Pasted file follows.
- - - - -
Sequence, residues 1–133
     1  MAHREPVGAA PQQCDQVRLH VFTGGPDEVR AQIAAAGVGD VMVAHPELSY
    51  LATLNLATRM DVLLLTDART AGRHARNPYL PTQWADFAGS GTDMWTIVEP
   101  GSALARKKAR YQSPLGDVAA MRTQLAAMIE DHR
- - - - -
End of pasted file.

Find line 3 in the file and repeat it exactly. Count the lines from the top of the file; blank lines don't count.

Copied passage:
    51  LATLNLATRM DVLLLTDART AGRHARNPYL PTQWADFAGS GTDMWTIVEP